One Missouri City, Texas, couple discovered what happens when you defraud the government.
According to KPRC News, 72-year-old Vincent Nwabeke and his wife, 71-year-old Victoria Nwabeke, were sentenced on Oct. 5 for their roles in using the home healthcare service they ran to defraud Medicare. Judge Alfred Bennett ruled that the pair collectively would pay slightly over $9.5 million restitution and serve time in prison for their roles in a scheme where they billed Medicare for unnecessary services for their patients.
Vincent will serve one year and one day in federal prison, paying Medicare $1,084,996. His wife, Victoria, will serve four years in federal prison, followed by three months of supervised release and repaying Medicare $8,523,917. The septuagenarians will remain free on bond and turn themselves in at a facility to be chosen later.
The Nwabekes ran Vital Ambulatory Healthcare Inc. from 2012 to 2018. Victoria would get referrals by paying marketers and patients money. She also bribed doctors so they would authorize medically unnecessary services for the clients of Vital Ambulatory Healthcare. In addition to being a co-owner, Vincent served as the chief financial officer of Vital, and he admitted in 2018 that he attempted to cook the pair’s books so that it appeared that the kickbacks his wife paid out were legitimate business expenses.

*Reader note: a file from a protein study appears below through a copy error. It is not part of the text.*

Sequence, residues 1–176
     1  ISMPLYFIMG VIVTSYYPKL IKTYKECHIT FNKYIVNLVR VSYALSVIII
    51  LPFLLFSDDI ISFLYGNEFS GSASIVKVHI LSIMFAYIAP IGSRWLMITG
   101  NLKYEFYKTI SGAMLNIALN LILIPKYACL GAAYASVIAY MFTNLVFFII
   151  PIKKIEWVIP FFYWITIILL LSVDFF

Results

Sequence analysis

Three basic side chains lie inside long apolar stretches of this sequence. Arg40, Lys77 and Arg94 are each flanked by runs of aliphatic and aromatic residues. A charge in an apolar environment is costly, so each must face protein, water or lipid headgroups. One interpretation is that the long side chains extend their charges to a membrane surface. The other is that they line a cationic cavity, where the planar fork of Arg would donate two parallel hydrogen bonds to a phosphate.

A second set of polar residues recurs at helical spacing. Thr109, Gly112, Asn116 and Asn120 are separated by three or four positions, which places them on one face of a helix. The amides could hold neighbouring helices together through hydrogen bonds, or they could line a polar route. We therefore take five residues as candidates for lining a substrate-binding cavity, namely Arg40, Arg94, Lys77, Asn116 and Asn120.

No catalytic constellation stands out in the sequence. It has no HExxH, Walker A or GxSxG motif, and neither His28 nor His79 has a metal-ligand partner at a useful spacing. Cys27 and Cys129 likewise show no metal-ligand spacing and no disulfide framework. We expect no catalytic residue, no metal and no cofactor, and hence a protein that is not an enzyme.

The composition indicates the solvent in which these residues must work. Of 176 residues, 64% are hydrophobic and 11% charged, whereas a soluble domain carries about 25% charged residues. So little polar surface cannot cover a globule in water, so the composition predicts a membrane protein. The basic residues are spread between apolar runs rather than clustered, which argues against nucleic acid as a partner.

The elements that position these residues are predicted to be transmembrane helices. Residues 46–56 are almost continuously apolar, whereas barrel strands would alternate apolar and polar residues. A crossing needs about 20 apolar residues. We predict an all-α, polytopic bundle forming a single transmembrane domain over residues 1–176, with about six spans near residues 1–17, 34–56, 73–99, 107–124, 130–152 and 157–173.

According to the Texas Attorney General’s office, there have been multiple multimillion-dollar Medicare/Medicaid fraud cases in the state in 2023. The Nwabekes case is the latest to result in a sentence and a significant restitution plan. A case was resolved in August that was prosecuted under the Texas Medicaid Fraud Prevention Act involving several drug manufacturers. In that case, drug manufacturers Shire PLC, Baxter International Inc., Baxalta Inc., Viropharma Inc., Takeda Pharmaceuticals U.S.A. Inc., and Takeda Pharmaceuticals America settled with the State of Texas to pay $42 million as part of an agreement. Since 2000, Texas has recovered nearly $2.5 billion in taxpayer money defrauded by individuals or corporations committing fraud by using the Texas Medicaid Fraud Prevention Act to prosecute those entities or individuals.
According to the Senior Medicare Patrol’s website, Medicare fraud costs approximately $60 billion annually.